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Category:    Home > Reviews > Comedy > Silent > Shorts > Animation > Chaplin At Keystone (1914/Shorts/BFI Region 2/Two/Import DVD Set)

Chaplin At Keystone (1914/Shorts/BFI Region 2/Two/PAL Import DVD Set)

Picture: C+ Sound: C+ Extras: B Shorts/Films: B+

PLEASE NOTE: These DVDs are in the Region 2/PAL format and can only be operated on machines capable of playing back Region 2/PAL discs. This DVD set can be ordered from our friends at BFI in the U.K. at the website address provided at the end of the review.

Charles Chaplin has company in the silent era of great comic actors, including Charley Chase, Buster Keaton and Harold Lloyd, but Chaplin would be the only one to survive into the sound era and be the most well-known and successful of them all. Retaining his popularity to this day, he has been a constant subject of home video releases, but the quality has been shaky. We have even covered several sets. Now, after a huge eight year project that pulled the resources of several archives, the first highly prolific year of Chaplin's career has been restored and gathered in a strong, rich DVD collection. In 1914, Chaplin made his name at the legendary Keystone Studios and Chaplin At Keystone has arrived on DVD from BFI. It includes 34 of the original 35 films he made (plus a preview of a newly discovery short in the extras), reconstructed in their best versions since they debuted nearly 100 years ago.

The four-DVD set offers the following classics in an incredibly prolific year. In this time, he invented The Tramp, found his way quickly into being a strong presence on screen, was a year ahead of Birth Of A Nation in showing the permanent impact a director can have and was as vital to creating the comedy genre as follows:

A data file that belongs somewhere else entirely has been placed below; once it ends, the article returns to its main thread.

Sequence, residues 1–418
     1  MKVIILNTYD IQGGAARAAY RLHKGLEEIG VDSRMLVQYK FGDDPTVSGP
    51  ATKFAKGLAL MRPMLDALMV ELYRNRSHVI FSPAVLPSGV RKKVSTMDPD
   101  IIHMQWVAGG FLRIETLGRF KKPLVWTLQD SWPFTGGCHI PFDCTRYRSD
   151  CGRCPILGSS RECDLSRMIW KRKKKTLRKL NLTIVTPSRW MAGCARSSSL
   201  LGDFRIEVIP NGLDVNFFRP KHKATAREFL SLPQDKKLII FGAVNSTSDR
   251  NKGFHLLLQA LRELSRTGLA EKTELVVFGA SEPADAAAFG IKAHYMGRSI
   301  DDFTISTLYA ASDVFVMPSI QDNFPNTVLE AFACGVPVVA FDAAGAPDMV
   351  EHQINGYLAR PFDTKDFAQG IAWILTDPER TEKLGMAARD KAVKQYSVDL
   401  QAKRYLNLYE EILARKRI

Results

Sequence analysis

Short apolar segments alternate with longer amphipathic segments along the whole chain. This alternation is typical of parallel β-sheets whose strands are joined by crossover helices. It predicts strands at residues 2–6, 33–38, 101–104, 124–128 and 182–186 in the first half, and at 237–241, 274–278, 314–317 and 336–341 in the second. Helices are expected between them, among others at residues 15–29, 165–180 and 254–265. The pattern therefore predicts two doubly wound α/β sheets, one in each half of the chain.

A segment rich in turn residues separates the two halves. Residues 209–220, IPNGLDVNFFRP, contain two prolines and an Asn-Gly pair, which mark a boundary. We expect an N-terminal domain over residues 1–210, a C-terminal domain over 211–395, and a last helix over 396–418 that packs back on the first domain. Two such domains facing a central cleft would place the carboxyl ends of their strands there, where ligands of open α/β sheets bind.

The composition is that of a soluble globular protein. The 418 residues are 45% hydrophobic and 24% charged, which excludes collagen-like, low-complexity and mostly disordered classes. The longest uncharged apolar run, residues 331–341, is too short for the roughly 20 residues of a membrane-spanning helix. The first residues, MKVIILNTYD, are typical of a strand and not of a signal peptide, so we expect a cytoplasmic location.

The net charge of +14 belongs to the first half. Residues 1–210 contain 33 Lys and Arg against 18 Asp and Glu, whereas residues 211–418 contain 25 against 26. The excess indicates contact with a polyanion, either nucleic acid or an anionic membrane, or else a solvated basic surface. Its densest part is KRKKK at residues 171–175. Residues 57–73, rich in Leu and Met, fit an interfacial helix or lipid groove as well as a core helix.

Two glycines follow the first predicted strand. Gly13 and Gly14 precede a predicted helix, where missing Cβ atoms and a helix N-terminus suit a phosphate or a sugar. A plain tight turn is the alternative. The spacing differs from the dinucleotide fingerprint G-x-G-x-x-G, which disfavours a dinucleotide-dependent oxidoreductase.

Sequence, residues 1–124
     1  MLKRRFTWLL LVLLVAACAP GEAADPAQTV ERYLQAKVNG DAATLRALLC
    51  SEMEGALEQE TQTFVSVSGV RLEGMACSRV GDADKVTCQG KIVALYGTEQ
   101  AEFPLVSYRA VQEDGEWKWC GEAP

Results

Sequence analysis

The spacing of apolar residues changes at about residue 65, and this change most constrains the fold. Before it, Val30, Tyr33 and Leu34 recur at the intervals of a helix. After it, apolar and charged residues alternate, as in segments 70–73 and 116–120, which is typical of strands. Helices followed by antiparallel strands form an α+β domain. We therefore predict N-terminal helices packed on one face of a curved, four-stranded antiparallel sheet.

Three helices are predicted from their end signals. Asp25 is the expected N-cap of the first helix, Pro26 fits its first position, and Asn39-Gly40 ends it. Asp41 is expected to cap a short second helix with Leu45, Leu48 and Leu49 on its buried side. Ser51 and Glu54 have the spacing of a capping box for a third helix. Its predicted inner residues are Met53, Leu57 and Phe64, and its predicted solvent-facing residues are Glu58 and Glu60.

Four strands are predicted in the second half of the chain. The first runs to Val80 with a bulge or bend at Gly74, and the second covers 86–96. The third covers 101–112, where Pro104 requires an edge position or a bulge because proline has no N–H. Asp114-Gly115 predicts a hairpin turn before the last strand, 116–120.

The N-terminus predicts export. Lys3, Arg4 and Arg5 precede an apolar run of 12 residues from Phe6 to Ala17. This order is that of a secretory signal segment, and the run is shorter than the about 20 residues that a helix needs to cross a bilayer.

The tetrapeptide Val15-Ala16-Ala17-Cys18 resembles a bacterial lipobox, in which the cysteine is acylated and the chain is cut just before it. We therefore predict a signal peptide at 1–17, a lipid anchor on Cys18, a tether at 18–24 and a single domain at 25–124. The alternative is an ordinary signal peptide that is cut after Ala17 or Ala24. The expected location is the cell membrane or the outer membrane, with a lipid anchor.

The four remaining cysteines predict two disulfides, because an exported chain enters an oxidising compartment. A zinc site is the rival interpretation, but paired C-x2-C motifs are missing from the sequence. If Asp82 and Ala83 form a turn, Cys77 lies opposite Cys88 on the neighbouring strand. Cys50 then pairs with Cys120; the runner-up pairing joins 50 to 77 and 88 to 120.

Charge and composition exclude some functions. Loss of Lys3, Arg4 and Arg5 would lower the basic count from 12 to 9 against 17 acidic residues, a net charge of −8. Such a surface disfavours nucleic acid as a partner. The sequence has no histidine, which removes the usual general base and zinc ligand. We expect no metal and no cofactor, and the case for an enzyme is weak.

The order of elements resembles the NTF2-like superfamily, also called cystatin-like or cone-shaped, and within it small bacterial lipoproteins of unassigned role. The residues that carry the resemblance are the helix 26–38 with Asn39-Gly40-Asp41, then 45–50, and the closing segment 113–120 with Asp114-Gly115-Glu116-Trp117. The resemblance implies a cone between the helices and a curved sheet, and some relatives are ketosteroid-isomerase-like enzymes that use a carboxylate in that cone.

Disc One

      Making a Living / Kid Auto Races At Venice, Cal / Mabel's Strange Predicament / Between Showers / A Film Johnnie / Tango Tangles / His Favourite Pastime / Cruel, Cruel Love / The Star Boarder / Mabel at the Wheel / Twenty Minutes of Love / Caught in a Cabaret

    Disc Two

      Caught in the Rain / A Busy Day / The Fatal Mallet / The Knockout / Mabel's Busy Day / Mabel's Married Life / Laughing Gas / The Property Man / The Face on the Barroom Floor / Recreation

    Disc Three

      The Masquerader / His New Profession / The Rounders / The New Janitor / Those Love Pangs / Dough and Dynamite / Gentlemen of Nerve / His Musical Career / His Trysting Places

    Disc Four

      Tillie's Punctured Romance (feature length, but in parts) / Getting Acquainted / His Prehistoric Past

HER FRIEND, THE BANDIT was made/released between The Fatal Mallet and The Knockout, but remains missing for now, but hopefully not forever. I have seen more than a few of these shorts before, but I am always amazed how funny they are, remain and how extremely well they hold up for their age. So good, you forget they are silent at times, Chaplin was a comic master from the start, which is more obvious when you see him in non-Tramp roles. He could be funny any way he choose and when you see these shorts, you understand why he had the worldwide impact he had.